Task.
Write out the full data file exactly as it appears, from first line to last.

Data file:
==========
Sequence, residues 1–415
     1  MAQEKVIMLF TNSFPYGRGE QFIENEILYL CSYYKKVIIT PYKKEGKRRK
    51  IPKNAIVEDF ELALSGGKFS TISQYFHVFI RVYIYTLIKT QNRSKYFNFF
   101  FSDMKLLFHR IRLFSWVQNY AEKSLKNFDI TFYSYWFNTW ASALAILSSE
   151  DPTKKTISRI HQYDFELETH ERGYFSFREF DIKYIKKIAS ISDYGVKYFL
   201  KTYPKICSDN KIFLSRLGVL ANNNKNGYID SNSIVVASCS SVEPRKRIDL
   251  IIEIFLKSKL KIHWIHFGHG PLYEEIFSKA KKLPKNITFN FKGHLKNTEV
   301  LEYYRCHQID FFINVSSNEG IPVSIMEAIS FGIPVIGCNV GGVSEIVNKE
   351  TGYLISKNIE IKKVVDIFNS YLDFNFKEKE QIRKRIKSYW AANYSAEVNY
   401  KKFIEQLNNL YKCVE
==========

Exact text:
Sequence, residues 1–415
     1  MAQEKVIMLF TNSFPYGRGE QFIENEILYL CSYYKKVIIT PYKKEGKRRK
    51  IPKNAIVEDF ELALSGGKFS TISQYFHVFI RVYIYTLIKT QNRSKYFNFF
   101  FSDMKLLFHR IRLFSWVQNY AEKSLKNFDI TFYSYWFNTW ASALAILSSE
   151  DPTKKTISRI HQYDFELETH ERGYFSFREF DIKYIKKIAS ISDYGVKYFL
   201  KTYPKICSDN KIFLSRLGVL ANNNKNGYID SNSIVVASCS SVEPRKRIDL
   251  IIEIFLKSKL KIHWIHFGHG PLYEEIFSKA KKLPKNITFN FKGHLKNTEV
   301  LEYYRCHQID FFINVSSNEG IPVSIMEAIS FGIPVIGCNV GGVSEIVNKE
   351  TGYLISKNIE IKKVVDIFNS YLDFNFKEKE QIRKRIKSYW AANYSAEVNY
   401  KKFIEQLNNL YKCVE